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EMCCDs Article Electron Multiplying Charge-Coupled Devices (EMCCDs)

By incorporating on-chip multiplication gain, the electron multiplying CCD achieves, in an all solid-state sensor, the single-photon detection sensitivity typical of intensified or electron-bombarded CCDs at much lower cost and without compromising the quantum efficiency and resolution characteristics of the conventional CCD structure.

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Microtubule EB3 in Fibroblast Cells

Objective: UPlanSApo 100x oil/1.40 Exposure: 250 ms
Microscope: Olympus DSU/IX81 Gain: 3
Camera: Hamamatsu ImagEM Interval: 500 ms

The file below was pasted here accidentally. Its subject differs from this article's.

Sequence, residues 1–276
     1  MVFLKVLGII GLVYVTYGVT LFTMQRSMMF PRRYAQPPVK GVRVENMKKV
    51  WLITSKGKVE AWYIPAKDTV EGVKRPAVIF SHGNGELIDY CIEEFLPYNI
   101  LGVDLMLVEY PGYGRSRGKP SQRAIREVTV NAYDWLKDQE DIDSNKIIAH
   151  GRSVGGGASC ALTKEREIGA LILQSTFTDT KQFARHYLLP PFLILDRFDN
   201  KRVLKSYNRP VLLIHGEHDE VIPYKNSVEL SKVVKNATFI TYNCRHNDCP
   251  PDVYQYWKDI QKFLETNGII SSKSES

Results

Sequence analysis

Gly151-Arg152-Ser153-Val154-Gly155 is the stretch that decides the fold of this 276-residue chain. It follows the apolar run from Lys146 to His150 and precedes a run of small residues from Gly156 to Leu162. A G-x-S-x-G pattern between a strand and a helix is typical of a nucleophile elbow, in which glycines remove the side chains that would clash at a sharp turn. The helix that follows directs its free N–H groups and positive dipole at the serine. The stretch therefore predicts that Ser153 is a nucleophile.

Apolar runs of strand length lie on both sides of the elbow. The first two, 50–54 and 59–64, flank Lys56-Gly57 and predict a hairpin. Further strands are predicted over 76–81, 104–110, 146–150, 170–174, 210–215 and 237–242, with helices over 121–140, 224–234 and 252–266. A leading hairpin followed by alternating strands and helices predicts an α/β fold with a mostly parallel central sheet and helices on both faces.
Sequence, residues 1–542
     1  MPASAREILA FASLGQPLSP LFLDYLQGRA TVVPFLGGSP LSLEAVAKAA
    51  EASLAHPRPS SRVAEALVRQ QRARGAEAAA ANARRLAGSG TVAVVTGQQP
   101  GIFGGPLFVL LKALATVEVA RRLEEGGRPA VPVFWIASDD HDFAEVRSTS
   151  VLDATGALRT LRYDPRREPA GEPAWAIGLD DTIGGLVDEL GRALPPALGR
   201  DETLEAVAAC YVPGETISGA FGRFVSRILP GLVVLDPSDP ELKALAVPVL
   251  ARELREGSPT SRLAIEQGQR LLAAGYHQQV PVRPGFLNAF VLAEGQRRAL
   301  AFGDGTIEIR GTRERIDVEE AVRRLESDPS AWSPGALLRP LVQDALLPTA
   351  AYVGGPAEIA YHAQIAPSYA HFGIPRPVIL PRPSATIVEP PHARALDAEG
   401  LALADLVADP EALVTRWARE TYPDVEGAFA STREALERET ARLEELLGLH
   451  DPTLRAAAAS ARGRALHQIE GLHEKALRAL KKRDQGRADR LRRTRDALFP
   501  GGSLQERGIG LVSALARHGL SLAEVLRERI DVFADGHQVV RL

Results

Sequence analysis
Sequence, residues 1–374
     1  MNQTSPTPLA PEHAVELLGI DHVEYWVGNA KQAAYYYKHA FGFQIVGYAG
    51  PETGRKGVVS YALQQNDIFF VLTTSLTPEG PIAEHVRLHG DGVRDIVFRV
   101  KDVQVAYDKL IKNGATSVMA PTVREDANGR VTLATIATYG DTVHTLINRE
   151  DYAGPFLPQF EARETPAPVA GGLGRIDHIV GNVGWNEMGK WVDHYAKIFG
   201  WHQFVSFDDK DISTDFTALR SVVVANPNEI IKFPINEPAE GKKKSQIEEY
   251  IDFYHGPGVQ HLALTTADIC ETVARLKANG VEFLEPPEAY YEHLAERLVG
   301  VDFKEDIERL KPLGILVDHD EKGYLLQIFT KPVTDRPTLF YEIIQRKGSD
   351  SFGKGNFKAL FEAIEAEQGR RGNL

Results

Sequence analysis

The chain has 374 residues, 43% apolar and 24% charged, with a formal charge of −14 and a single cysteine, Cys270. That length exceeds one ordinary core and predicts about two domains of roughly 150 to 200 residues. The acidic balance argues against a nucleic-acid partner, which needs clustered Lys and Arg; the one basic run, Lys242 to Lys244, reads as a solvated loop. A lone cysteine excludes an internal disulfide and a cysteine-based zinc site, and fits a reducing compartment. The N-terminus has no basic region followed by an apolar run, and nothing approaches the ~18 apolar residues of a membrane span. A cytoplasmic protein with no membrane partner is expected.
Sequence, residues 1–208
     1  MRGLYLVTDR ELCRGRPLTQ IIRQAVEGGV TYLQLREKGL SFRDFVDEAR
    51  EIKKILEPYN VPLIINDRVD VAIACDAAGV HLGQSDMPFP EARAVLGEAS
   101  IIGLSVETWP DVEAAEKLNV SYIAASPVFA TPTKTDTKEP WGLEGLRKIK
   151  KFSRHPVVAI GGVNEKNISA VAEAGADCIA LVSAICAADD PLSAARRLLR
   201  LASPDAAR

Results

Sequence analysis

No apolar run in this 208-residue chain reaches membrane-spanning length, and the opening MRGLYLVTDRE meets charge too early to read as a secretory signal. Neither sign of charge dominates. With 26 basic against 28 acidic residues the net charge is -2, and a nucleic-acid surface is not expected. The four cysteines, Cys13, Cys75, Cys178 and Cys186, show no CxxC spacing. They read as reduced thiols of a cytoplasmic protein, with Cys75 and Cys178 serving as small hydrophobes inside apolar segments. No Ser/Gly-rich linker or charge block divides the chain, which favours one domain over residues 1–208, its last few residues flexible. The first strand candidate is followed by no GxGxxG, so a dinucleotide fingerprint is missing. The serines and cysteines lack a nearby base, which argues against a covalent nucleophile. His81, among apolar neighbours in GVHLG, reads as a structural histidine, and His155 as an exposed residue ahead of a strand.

By adding or removing globular tubulin proteins, the length of polymeric microtubules can be increased or decreased. Because the two ends of a microtubule are not the same, however, the rate at which growth or depolymerization occurs at each pole is different. The end of a polarized filament that grows and shrinks the fastest is known as the plus end and the opposing end is called the minus end. For all microtubules, the minus end is the one with exposed alpha-tubulins. In an animal cell, it is this end that is located at the centriole-containing centrosome found near the nucleus, while the plus end, comprised of exposed beta-units, is projected out toward the cell's surface. Microtubules are continuously being assembled and disassembled so that tubulin monomers can be transported elsewhere to build microtubules when needed. The digital video above illustrates the tracking of microtubule +TIPs (plus end tracking proteins) in Gray fox lung fibroblast cells labeled with a chimera of EB3 fused to mEGFP. Each of the three cells in the video are expressing the EB3 fusion at different levels (thus are imaged at different intensities).